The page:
Local and national SEO share the same goal – rank higher in the SERPs to increase conversions and traffic. The differences they have has to do with how they reach this goal. Since the purpose of both national and local SEO is to optimize for search engines, it’s clear that they would have some similarities.

National and Local SEO Similarities

SEO Strategies

Backlinks are effective for both local and national businesses; they continue to weigh heavy in the ranking factors. The means to which you get backlinks differs slightly for both of them though. It’s important to focus on keywords/key phrases when writing guest posts. Depending on whether your campaign is local or national will affect the types of keywords, phrases, localization you use. As with the guest post itself needing to be specific, it’s also important to choose the websites you post to carefully. For a national campaign, I wouldn’t recommend using local directories or local websites.

Both local and national SEO campaigns can benefit from backlinks from resource pages and also creating resource pages on their own websites – each campaign will just be targeting different sites for different reasons.

National and Local SEO Differences


National SEO: these campaigns typically have a much larger budget than small businesses and a lot more manpower which is what helps them succeed when they try to rank for generic keywords.

Local SEO: these campaigns have less manpower and would be smart to focus on geo-specific keywords since that makes more sense in terms of who their potential client would be.


National SEO: the algorithm runs a little different for a national campaign and having local citations won’t help their campaign at all.

Local SEO: Maintaining NAP consistency throughout citations is important and any inconsistencies can decrease your local SEO value. These citations weigh heavily in regards to local search results and the algorithm behind it. There are an enormous amount of citation sites available to add more value to your campaign.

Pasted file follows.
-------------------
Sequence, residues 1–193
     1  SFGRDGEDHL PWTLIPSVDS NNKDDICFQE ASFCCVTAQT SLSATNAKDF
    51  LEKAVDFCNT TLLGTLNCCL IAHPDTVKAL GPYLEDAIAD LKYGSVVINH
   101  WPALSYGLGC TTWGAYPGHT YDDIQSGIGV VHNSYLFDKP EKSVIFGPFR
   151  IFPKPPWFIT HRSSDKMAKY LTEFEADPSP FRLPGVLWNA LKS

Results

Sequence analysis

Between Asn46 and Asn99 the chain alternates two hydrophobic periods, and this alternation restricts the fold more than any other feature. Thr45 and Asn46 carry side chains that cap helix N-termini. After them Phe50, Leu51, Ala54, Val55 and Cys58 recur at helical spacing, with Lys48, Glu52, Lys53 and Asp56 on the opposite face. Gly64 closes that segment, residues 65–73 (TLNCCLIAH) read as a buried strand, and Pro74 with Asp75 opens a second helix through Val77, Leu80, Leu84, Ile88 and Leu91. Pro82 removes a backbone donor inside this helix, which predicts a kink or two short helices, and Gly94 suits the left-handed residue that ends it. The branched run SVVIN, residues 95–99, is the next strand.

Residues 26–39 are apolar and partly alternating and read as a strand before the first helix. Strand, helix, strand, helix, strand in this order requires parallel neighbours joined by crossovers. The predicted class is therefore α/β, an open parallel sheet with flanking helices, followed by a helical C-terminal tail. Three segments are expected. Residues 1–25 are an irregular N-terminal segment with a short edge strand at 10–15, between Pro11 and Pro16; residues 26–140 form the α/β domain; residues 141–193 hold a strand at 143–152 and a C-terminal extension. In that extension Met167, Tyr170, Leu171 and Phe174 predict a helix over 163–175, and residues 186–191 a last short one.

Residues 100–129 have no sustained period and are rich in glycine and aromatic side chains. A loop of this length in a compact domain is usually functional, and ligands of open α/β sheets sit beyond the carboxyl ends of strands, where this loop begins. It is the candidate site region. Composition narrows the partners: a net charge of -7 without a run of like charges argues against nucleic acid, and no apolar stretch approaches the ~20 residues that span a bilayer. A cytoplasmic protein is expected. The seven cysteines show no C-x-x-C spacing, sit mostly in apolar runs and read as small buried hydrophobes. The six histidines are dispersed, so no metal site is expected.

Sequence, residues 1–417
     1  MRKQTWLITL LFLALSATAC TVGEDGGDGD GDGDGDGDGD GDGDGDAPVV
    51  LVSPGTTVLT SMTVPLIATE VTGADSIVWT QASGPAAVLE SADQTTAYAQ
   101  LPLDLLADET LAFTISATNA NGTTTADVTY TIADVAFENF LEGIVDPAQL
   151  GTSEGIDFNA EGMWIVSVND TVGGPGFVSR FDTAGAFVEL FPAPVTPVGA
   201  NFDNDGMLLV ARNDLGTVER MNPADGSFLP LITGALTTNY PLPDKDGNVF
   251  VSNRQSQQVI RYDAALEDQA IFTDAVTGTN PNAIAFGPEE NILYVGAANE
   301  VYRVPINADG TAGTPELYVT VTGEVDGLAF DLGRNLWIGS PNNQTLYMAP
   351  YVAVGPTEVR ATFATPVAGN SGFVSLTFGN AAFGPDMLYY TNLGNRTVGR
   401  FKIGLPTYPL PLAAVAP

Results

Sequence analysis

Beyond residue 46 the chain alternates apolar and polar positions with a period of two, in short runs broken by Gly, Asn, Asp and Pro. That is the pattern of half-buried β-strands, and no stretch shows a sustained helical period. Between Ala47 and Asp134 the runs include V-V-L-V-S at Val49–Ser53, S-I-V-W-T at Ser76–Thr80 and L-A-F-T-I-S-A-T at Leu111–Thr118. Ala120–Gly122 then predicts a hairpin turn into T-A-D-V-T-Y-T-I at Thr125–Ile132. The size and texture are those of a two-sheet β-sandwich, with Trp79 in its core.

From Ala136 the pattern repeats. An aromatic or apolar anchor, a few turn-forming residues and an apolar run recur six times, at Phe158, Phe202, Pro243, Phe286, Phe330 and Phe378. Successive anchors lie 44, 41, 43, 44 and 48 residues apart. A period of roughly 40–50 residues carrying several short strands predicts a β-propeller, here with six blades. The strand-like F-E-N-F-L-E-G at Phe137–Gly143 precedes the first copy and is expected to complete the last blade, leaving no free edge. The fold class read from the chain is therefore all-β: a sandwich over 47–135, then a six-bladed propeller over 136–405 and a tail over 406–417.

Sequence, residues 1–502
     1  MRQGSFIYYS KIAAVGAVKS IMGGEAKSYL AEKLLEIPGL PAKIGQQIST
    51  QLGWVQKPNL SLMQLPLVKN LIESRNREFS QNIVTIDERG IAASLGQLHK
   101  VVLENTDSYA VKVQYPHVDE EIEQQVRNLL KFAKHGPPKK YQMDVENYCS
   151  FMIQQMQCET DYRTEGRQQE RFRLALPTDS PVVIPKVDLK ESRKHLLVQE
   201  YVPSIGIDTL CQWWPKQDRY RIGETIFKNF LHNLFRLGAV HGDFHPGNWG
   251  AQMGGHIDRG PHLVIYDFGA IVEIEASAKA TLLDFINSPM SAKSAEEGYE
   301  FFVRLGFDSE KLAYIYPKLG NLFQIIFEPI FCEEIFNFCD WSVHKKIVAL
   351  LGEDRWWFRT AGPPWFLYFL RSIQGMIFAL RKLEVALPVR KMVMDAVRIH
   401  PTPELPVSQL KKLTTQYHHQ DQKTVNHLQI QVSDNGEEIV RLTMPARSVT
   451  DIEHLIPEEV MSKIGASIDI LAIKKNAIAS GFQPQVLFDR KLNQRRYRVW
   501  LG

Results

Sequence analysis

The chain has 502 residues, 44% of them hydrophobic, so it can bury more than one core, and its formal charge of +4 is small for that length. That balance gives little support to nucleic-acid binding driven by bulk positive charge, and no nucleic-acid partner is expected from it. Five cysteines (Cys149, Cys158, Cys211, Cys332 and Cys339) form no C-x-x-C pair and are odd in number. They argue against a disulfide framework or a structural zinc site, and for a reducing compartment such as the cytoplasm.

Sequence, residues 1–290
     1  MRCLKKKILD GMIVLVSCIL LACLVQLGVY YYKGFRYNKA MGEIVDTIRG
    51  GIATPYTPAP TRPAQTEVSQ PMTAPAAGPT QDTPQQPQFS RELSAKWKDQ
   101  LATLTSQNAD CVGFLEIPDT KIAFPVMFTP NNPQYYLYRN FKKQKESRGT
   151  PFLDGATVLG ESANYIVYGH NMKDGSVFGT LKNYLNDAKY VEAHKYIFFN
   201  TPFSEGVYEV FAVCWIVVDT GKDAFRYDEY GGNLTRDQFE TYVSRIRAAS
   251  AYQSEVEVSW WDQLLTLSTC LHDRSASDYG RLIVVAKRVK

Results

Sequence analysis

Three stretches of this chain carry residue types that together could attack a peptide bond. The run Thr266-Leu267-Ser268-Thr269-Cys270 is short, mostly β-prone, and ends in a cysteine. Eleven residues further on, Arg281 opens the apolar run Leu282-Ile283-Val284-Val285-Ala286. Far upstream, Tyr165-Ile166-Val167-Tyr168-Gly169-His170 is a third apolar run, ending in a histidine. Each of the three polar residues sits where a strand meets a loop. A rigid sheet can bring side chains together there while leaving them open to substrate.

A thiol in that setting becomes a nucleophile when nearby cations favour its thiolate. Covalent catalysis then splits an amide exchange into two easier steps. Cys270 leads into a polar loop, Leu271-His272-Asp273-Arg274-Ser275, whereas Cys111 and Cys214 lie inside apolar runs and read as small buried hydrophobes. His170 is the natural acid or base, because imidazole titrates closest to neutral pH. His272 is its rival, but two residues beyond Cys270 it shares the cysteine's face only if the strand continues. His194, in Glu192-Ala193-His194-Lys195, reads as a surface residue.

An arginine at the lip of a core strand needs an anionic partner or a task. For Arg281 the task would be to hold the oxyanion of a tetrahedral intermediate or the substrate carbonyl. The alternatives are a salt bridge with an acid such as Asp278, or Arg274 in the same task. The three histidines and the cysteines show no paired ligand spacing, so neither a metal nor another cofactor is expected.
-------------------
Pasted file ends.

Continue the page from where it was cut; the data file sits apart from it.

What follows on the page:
local listings

Social Media

National SEO: Often times, national campaigns have more resources available which in turn usually means that they have better management of their social media accounts.

Local SEO: Social media can be a hard thing to manage or gain any sort of engagement from on a local level. It’s important to at least have business pages set up.

**For both national and local campaigns, social media can assist with your link building efforts in terms of social sharing.

The future is uncertain. Algorithm changes happen hundreds of times a year and sometimes it’s hard to keep up. Having a solid foundation of SEO should be a priority for your business. SEO is not dead, as some people believe. Websites will continue to compete for attention and placement in the SERPs. If you have knowledge and experience to increase your rankings, traffic, and conversions, you’ll see reap the benefits. First things first– choose a national or local SEO strategy.

SEO and Voice Search

There are over 1 billion voice searches performed monthly, and that number is likely to continue to grow. Thirty-five times more voice searches were performed on Google in 2016 than in 2008. So if you’re wondering if you should implement a voice-first website, the answer is a resounding YES. Throughout this blog we’ll give you a few tips and tricks to optimize your current site to be SEO voice-search friendly. But first a little background.

The Rapid Growth of Voice Search

The number of voice searches continues to grow rapidly, as 41 percent of adults say they have only started using voice search during the last six months of 2017 and 19 percent reported that they started using it at some point in the first half of 2017. By comparison, only 11 percent of people say that they have been using it for more than three years.

How is Voice Search Different than Traditional Search?

There are many ways that voice search and traditional search are different, but five things naturally rise to the top. Voice search users:

• Use conversational speech

• Ask queries based on location

• Provide a better understanding of their intent

• Count on featured snippets

• Want personal assistance

How successful companies can implement voice search SEO

User Queries

Traditionally, companies have relied on between one- to three-word search phrases to connect with users. As users turn to more voice searches, longtail keywords will become more important. Concentrate on answering questions that might be asked by people if they picked up the phone and called your company. One study looked at over 1,000 voice search queries and found that what and how-to questions were the most popular followed by when, where, who and why questions.